Dear Brothers and Sisters in Christ,
My very dear sons,

From all eternity God spoke His Word. From the first day of creation, from the beginning of time, God pronounced many words; God announced to angels and men what men and angels needed to know. Even before there were angels or men, God spoke to Himself, saying “Let there be light, let there be a firmament, fiat lux” (Gen. 1: 3,6). And the announcements and pronouncements continued down through the centuries. Many were God’s winged messengers bearing Divine tidings to earth; many were His prophets, who walked upon its face, spreading knowledge of the Word of God throughout the world below. But the greatest of these pronouncements, the greatest of annunciations was the one made in the fullness of time to the Blessed Virgin Mary, who thus became the greatest of all the prophets. Such is the theme of today’s feast.

Tragically, Satan too, that “murderer from the beginning”, about whom Christ said that “he stood not in the truth; because truth is not in him…for he is a liar, and the father thereof” (John 8:44), Satan too made his announcements. He too, though not God, but an angel of darkness, found his own collaborators on earth, his prophets. Through a false promise, spoken in the ear of the first woman, he brought about the Fall of the human race, initiating thereby the great series of lies that have kept the human race turning around in an abyss of error, even unto our own day, though no longer, since the coming of Christ, without hope.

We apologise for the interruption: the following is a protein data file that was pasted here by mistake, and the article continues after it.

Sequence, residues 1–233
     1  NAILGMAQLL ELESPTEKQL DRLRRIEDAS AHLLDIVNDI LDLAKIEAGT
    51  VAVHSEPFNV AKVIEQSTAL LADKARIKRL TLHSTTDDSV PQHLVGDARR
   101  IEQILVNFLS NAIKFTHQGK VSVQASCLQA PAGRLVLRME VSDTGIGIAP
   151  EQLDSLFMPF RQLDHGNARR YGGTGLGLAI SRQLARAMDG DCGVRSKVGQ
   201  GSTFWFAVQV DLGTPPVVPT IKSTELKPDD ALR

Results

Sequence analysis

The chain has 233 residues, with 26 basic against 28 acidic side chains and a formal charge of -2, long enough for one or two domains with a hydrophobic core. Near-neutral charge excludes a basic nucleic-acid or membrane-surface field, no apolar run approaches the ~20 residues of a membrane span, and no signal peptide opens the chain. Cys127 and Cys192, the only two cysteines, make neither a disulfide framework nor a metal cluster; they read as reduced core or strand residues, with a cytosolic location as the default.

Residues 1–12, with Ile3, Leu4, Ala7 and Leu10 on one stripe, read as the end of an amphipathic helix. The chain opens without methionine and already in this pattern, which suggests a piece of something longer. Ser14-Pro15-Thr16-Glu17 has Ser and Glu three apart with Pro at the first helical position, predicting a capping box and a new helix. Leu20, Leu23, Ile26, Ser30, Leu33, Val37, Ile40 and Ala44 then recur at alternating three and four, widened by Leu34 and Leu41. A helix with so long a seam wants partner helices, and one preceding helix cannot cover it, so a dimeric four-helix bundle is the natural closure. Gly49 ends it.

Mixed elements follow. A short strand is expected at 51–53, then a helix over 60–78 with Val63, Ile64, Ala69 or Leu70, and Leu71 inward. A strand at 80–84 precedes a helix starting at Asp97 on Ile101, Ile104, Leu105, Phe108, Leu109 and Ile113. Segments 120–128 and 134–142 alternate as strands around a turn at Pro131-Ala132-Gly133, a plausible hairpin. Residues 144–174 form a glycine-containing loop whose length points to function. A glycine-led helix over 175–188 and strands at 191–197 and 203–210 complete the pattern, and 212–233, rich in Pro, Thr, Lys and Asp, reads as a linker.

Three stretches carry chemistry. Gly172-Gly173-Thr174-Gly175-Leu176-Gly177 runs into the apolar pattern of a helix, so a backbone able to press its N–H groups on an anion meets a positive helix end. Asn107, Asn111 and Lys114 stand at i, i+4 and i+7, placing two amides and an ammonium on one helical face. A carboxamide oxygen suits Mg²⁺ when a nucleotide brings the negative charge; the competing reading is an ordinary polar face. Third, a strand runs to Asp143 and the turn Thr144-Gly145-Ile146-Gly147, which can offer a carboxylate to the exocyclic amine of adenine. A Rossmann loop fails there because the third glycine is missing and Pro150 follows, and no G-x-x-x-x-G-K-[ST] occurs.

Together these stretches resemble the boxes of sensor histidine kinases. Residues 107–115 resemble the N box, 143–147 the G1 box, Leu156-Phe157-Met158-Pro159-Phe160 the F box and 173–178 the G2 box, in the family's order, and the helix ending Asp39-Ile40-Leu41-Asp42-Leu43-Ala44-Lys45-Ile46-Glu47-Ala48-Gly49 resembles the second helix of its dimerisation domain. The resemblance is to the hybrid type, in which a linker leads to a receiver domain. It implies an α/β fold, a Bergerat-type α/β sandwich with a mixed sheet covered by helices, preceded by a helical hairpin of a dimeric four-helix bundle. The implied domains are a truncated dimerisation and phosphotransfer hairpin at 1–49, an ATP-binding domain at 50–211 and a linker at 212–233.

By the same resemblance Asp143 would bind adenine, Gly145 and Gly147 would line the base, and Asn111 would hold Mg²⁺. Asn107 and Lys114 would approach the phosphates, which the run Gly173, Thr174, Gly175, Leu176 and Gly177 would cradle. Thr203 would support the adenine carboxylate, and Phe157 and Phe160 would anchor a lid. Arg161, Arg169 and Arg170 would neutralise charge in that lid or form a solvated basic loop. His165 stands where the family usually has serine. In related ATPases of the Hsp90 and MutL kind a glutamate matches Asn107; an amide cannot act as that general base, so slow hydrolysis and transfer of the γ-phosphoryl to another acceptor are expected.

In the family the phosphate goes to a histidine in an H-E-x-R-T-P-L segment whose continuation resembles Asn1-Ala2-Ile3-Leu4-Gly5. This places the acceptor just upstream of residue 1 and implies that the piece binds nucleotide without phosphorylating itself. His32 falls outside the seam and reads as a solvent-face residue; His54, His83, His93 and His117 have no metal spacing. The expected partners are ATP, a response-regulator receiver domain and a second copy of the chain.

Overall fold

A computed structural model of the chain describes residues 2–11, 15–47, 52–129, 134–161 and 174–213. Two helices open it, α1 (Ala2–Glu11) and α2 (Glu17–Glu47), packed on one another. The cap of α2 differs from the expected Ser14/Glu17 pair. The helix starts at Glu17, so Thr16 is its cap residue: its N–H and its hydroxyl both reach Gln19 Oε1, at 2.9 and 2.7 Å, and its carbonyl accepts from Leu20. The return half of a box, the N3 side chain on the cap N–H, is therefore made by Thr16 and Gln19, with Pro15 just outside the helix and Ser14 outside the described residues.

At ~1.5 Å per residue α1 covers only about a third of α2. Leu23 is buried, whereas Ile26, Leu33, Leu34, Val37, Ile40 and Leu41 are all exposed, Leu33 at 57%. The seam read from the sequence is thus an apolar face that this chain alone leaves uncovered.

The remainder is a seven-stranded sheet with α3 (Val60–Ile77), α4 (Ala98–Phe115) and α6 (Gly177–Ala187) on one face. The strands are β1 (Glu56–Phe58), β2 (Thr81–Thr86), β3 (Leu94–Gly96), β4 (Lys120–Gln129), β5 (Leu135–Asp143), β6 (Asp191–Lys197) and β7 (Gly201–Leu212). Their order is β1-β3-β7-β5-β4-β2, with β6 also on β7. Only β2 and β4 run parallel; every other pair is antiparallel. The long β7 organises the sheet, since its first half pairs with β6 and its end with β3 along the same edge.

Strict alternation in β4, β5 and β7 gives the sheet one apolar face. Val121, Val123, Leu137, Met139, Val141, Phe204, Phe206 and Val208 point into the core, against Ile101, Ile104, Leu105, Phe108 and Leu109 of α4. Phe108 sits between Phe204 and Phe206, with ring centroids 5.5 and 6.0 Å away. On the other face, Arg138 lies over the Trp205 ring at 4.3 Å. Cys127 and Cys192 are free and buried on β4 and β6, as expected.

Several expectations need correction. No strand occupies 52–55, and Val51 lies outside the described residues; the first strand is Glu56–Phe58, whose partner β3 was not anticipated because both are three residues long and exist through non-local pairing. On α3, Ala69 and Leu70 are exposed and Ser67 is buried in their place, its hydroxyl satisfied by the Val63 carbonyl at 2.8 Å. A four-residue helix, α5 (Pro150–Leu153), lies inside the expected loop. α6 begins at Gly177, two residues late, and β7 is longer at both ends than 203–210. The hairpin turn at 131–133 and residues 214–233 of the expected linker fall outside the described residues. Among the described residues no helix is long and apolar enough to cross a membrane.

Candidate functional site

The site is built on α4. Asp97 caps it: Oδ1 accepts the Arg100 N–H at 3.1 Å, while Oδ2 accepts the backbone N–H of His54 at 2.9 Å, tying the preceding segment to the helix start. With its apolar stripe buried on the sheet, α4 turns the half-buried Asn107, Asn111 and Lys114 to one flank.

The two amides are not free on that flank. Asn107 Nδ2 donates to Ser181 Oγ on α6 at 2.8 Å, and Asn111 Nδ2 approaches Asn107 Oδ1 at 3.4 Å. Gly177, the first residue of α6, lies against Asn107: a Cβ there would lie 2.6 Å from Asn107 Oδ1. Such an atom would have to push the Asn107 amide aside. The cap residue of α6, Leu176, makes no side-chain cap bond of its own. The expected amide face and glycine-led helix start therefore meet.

Among the first monks, most of whom were hermits, living in the deserts of Egypt and of Palestine in the fourth and fifth centuries of our era, one of the greatest spiritual arts, no doubt the greatest, was that of spiritual discernment, in other words the art of determining whether a given thought or inspiration was from God or from the devil. As these monks learned—to their dismay and confusion—sometimes Satan would disguise himself as an angel of light, promising great things—fame, miraculous gifts and such—in order to make a man lose his vocation and sometimes his faith—even his life. Living alone, sometimes far from spiritual directors, these religious had to discern about many important matters on their own, and they learned to appreciate very highly the gift—for a gift it is—of spiritual discernment.

However challenging may have been spiritual discernment for the early monks, nevertheless, nothing could compare with the discernment Our Lady had to make when an angelic messenger presented himself to her in the intimate confines of her own little house. How did she know that this was truly Saint Gabriel, the “angel of the Lord” that appeared to her?